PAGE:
Last year, when the Harvard government department organized a meeting for alumni, current professors were asked to give a presentation on their projects and research. One participant was former professor and department chair Samuel H. Beer, who gave a short statement about the nuances of political science during his tenure at Harvard from 1946 to 1982.
“He completely stole the show,” said government professor Stanley Hoffmann, a former student of Beer’s. “[The current professors] were all preempted by the master, who spoke without notes, remembering everyone and everything. No one believed the man was 96 years old at the time.”
Beer, a noted scholar of British and American politics, passed away on April 7, at the age of 97.
“He was a spectacularly good teacher because his classes were all in the form of questions he addressed to himself and his students, for which he had all sorts of arguments before coming to his own conclusion,” said Hoffman. “It was very different from the typical top-down sort of lecturing. It was as if he was struggling with his own opinions.”
Beer, the chair of the Harvard government department from 1954 to 1958, served as the Eaton Professor of the Science of Government for years before moving to Boston College in 1982 to be a professor of American politics.
Receiving his B.A. from the University of Michigan, Beer went to England on a Rhodes Scholarship before receiving his Ph.D. in political science from Harvard in 1943. He was later granted an honorary doctorate from the University in 1997 in recognition of “his scholarship and [the] enormous impact his teaching had on undergraduates for over three decades,” said Peter A. Hall, Beer’s former student, who is currently a European studies professor at Harvard.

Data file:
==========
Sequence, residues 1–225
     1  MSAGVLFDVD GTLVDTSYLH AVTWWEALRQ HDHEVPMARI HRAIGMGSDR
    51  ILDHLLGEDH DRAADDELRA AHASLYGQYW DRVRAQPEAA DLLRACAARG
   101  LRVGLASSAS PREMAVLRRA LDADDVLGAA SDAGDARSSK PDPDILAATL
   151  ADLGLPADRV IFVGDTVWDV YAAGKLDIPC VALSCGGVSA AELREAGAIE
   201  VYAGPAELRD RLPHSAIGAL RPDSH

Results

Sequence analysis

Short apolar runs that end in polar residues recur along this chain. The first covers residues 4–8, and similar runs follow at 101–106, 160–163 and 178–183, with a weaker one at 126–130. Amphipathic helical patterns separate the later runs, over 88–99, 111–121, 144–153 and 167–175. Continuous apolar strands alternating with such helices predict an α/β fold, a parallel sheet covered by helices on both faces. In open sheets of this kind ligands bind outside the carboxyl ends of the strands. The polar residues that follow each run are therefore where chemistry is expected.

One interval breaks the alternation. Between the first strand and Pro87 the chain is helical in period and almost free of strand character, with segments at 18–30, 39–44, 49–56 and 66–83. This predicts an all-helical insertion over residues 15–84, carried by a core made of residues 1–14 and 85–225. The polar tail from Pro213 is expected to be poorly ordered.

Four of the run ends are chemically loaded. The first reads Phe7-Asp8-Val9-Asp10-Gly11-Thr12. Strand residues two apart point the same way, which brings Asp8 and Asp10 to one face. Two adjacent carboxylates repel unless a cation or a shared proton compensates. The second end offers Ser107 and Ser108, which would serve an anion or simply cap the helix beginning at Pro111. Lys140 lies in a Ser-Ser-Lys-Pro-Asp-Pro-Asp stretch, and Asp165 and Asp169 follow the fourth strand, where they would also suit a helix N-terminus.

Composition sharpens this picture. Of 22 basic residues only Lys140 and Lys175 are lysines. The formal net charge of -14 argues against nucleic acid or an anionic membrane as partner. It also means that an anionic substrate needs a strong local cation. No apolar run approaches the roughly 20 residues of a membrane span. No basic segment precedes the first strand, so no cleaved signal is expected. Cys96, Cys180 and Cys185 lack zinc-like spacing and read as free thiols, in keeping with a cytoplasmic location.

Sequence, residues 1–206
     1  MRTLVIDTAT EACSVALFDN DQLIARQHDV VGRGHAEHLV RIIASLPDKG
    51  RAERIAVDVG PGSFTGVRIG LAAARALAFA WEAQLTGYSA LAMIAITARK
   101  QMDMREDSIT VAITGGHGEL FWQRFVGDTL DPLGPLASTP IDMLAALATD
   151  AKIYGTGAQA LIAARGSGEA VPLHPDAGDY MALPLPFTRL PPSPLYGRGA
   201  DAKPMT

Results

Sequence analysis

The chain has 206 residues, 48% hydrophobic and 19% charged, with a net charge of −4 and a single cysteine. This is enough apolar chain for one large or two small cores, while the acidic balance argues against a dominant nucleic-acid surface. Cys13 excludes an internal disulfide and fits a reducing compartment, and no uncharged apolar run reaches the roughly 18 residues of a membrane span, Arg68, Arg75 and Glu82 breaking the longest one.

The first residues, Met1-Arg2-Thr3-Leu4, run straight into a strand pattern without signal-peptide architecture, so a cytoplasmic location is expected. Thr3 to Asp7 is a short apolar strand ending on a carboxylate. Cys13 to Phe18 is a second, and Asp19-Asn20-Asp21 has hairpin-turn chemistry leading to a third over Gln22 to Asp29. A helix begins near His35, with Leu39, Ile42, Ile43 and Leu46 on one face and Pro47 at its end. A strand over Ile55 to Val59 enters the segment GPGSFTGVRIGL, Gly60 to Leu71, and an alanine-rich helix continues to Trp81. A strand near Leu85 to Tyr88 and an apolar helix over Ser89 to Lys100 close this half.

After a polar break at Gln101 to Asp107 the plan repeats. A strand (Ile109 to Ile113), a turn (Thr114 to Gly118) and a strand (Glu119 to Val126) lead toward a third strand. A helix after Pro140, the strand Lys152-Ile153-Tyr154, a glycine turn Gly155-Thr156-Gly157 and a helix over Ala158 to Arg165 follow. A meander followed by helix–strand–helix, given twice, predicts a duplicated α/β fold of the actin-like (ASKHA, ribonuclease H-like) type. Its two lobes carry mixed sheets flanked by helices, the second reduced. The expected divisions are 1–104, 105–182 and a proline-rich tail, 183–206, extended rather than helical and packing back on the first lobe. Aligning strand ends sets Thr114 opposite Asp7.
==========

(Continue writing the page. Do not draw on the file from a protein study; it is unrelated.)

Beer was most famous for his self-designed course Social Studies 2: “Western Thought and Institutions,” which he taught for 30 years. Students studied six key moments in the development of Western Civilization, and “used theoretical lenses to understand the historical process,” said former teaching fellow Judith E. Vichniac, the current director of the fellowship program at the Radcliffe Institute for Advanced Study.
“Everywhere he went he was stopped on the streets by people who have taken that course,” Hall said. “It was one that inspired thousands of Harvard students.”
The teaching fellows who worked with Beer often went on to careers as academics or public service officials. Some of his famous students included Henry A. Kissinger ’50, Michael Walzer, and Charles H. Tilly ’50.
Before studying at Harvard, Beer was a staff member of the Democratic National Committee, and occasionally wrote speeches for former President Franklin D. Roosevelt in 1935 and 1936.
Active in American politics, Beer was chairman of Americans for Democratic Action during his tenure at Harvard from 1959 to 1962. He also actively opposed student rebellions at Harvard during the late sixties.
Beer was elected president of the American Political Science Association in 1977, and was also appointed as a fellow of the British Academy in 2000.
After earning his Ph.D., Beer earned a Bronze Star fighting with the U.S. Army in Normandy. During his time at Oxford in the 1930s, he travelled to Germany, where he saw Hitlerism first hand, according to Government professor Harvey C. Mansfield ’53, another of Beer’s former students.
“He wanted to know how Germany could have fallen so far to embrace these vicious totalitarian ideas,” Mansfield said. “His courses were often directed to that subject.” Beer described the influence of these travels on his graduate work at Harvard in the Oxford Handbook of Political Institutions.
“By the time I came to Harvard in the fall of 1938, I was a fierce anti-communist, a fervent New Dealer, a devotee of Emerson, and ready to try to put it all together….[in] a defense of liberalism against the totalitarian threat,” Beer wrote. Many of his former students praised Beer’s engaging personality and dedication to teaching.
“He had a very good eye for the most important questions in politics and was intensely engaged with the thinkers over the ages who had worked with those questions,” Hall said. “When you talked to Sam Beer you were engaging in a dialogue with Marx, Weber, or Augustine. He had read an enormous amount, and he thought deeply about the big social and political questions throughout his life.”
“He would come to class wearing his military outfit and pump his fist, and tell us what to think about,” Mansfield said.